"Bonjour," answered Serge. "But this rain isn't so bad. There's nothing like a storm to wake you up. In the meantime we can enjoy this petit dejeuner, non?"
The meal continued for several minutes before the usual briefing officer strode up to the projector and cleared his throat. "Good morning. I know it's early but we haven't got any time to lose. As you are all well aware, winter will be setting in shortly. The winters here are usually mild but they can still make things very difficult. Every available salvage team is being sent to the mainland for supplies. You would normally be sent there as well, but we found a mission that might require your specialized skills."
He pressed a button on the projector remote and brought up a picture of a cargo ship. It must have been pulled from an archive because that vessel was in impossibly good condition. "Two days ago we received a distress signal from the Lew Wallace, a Panamax container ship like the one you see here. Don't ask how it managed to survive all these years without sinking because we don't know. Apparently the engines have either been shut down or broken and it's drifting into our air cover. We can't pass up an opportunity like this. Our meteorologists predict that we'll have a one-day window to reach the ship before another storm shuts us down."
One of the other men at the projector pressed another button. At first Serge just heard static, and then a faint tapping. It sounded like somebody banging a baton on a metal surface. He noticed that a pattern developed, with three rapid taps followed by three more widely spaced taps, and then three more taps in rapid succession. It repeated itself again and he realized it was a looping sound track.
"That's an SOS signal in the old Morse code. It was probably made years ago along with the automated distress signal. Regardless, there's probably nobody left on board. And since the United Nations Convention on the Law of the Sea is most likely null and void, we can probably bring in a rich haul from that ship."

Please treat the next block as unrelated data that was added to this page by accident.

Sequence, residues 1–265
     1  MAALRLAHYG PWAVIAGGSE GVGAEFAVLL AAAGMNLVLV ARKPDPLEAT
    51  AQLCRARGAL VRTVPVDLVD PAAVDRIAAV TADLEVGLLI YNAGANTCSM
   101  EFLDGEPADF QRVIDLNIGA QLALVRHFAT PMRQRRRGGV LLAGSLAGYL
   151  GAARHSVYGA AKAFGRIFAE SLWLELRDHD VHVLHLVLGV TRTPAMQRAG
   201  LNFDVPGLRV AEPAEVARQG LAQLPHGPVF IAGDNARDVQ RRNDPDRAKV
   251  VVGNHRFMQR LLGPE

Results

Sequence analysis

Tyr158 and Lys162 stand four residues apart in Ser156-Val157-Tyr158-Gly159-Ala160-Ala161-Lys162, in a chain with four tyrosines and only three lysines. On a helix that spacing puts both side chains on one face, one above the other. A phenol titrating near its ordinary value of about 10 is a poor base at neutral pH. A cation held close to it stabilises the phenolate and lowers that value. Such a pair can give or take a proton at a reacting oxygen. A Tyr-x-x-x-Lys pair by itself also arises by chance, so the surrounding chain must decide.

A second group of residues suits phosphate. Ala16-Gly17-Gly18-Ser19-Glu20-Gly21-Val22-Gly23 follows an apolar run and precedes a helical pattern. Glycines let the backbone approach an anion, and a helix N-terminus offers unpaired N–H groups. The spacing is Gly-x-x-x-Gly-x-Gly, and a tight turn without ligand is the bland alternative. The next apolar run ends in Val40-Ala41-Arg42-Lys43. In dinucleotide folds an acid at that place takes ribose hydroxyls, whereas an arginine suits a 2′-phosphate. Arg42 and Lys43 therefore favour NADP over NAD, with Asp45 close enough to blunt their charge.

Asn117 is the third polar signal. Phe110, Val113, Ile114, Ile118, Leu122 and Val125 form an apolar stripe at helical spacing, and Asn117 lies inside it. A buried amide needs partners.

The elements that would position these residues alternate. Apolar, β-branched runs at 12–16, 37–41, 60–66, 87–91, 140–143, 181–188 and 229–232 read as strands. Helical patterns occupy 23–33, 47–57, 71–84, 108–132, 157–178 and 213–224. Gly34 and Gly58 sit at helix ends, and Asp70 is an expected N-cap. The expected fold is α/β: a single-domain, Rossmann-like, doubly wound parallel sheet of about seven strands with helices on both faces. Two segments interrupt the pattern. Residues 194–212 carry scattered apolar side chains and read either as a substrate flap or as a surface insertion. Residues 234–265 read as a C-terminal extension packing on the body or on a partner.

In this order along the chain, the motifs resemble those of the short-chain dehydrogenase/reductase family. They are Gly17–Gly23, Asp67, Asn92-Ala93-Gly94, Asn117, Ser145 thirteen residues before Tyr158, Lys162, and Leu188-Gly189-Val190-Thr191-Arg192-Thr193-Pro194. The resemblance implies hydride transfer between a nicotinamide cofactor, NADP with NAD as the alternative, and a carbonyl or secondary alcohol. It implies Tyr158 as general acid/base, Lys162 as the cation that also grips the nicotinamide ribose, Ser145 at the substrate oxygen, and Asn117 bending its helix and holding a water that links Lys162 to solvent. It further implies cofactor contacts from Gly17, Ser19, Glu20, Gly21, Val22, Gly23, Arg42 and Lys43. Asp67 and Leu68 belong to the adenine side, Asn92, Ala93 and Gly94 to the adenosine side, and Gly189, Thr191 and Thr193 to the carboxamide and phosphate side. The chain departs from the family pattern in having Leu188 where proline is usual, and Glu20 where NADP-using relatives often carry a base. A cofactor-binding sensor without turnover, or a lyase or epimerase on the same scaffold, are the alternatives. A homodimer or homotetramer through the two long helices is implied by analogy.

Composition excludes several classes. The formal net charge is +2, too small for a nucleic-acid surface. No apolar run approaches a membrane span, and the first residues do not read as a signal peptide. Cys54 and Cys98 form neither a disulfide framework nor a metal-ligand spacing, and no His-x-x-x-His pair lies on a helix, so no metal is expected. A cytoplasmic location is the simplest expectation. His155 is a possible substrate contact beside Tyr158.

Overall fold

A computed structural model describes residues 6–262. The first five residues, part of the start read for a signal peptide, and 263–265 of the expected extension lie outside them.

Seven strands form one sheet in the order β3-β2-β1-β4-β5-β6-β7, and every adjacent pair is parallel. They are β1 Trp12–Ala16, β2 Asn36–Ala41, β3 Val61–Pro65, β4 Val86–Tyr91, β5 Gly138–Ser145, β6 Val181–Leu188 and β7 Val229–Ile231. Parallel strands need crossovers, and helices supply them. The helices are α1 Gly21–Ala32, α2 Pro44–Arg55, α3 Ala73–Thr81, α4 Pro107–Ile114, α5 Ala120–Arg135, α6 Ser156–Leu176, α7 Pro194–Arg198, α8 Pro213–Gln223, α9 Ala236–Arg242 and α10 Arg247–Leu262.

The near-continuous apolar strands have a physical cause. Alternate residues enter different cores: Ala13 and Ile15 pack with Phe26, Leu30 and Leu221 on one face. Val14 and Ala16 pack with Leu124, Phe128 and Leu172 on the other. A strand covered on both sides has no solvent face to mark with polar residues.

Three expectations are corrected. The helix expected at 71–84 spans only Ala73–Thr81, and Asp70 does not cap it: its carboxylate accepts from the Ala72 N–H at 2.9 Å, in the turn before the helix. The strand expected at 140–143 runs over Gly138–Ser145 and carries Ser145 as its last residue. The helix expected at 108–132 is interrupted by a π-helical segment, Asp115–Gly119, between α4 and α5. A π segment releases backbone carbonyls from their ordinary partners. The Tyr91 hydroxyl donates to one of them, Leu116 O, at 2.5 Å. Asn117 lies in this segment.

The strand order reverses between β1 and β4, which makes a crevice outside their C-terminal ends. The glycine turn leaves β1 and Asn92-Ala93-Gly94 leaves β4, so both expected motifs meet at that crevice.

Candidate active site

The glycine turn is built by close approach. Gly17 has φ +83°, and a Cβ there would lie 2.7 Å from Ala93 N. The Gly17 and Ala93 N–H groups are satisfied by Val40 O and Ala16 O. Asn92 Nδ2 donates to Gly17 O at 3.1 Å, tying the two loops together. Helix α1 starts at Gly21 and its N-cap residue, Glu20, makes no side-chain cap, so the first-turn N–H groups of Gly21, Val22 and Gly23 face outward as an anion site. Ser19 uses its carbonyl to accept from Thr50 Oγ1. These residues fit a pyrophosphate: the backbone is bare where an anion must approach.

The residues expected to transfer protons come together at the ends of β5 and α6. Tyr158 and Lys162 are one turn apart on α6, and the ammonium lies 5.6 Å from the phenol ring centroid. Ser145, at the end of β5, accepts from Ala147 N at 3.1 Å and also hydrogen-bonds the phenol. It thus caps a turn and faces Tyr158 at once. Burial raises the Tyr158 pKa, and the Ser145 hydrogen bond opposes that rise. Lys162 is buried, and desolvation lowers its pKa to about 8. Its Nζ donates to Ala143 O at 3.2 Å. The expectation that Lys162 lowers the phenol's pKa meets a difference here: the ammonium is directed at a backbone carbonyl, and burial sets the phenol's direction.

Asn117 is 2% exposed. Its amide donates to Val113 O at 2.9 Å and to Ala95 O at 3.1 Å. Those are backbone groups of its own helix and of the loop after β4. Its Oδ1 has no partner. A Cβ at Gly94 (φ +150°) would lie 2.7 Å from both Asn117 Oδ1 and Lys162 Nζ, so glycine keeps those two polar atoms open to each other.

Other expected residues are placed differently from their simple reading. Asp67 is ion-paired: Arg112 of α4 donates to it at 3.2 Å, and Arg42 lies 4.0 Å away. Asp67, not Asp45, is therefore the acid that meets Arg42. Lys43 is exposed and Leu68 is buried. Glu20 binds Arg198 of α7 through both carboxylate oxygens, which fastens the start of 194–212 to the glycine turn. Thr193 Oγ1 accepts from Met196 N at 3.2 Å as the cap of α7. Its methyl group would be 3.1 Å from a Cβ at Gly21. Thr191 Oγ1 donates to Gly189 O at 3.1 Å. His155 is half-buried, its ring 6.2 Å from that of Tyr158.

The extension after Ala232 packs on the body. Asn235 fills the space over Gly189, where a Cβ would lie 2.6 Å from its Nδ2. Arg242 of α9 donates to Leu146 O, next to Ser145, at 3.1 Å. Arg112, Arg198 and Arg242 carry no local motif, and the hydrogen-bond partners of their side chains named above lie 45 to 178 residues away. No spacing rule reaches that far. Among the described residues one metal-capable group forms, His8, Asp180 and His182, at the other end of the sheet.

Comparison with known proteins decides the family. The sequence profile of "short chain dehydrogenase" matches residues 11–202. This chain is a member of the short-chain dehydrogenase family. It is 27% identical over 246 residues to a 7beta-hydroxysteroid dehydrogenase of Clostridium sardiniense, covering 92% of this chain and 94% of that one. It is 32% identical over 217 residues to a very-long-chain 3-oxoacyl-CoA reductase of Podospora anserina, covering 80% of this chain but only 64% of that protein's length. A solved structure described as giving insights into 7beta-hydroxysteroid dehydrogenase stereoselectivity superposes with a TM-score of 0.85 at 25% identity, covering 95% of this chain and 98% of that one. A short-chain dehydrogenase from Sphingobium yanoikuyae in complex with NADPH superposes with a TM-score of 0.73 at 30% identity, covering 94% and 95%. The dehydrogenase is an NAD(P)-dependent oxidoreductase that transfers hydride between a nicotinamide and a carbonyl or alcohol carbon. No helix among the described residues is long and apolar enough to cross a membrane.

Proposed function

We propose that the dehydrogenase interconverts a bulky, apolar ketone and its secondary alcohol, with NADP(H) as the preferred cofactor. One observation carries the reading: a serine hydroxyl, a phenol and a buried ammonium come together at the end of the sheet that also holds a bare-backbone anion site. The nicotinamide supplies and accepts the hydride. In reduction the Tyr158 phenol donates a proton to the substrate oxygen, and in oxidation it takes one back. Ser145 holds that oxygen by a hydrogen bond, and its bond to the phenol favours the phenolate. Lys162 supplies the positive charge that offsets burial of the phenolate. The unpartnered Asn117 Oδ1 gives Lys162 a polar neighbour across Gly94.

The briefing officer interjected. "Yes, there's probably a lot of pre-war manufactured goods from China or Japan on board. So here's your mission. You will leave in exactly one hour. The helicopter will drop you off on the ship and return to shuttle some more salvage teams to the mainland. You will probably have to rappel down because we have no idea what condition the deck's in. Search the bridge and find the cargo manifest. If you can, try to get the engines started; there might be some fuel left. Radio us and we'll decide what to do from there. You should be picked up by late afternoon."
He cleared his throat. "Ah yes, and about possible zombies... remember that container ships have small crews. Even if all of them got infected you won't be dealing with more than fifty zeds. That shouldn't be any problem for a team like you. Anyways, I know it's short notice, but this is such a rare find. You were chosen not only because some of you are ex-military, have experience at sea, or know your way around a machine shop. It's because you have managed to stay alive through two tough missions and came out on top. So get packed and meet up on the helipad within an hour. Dismissed."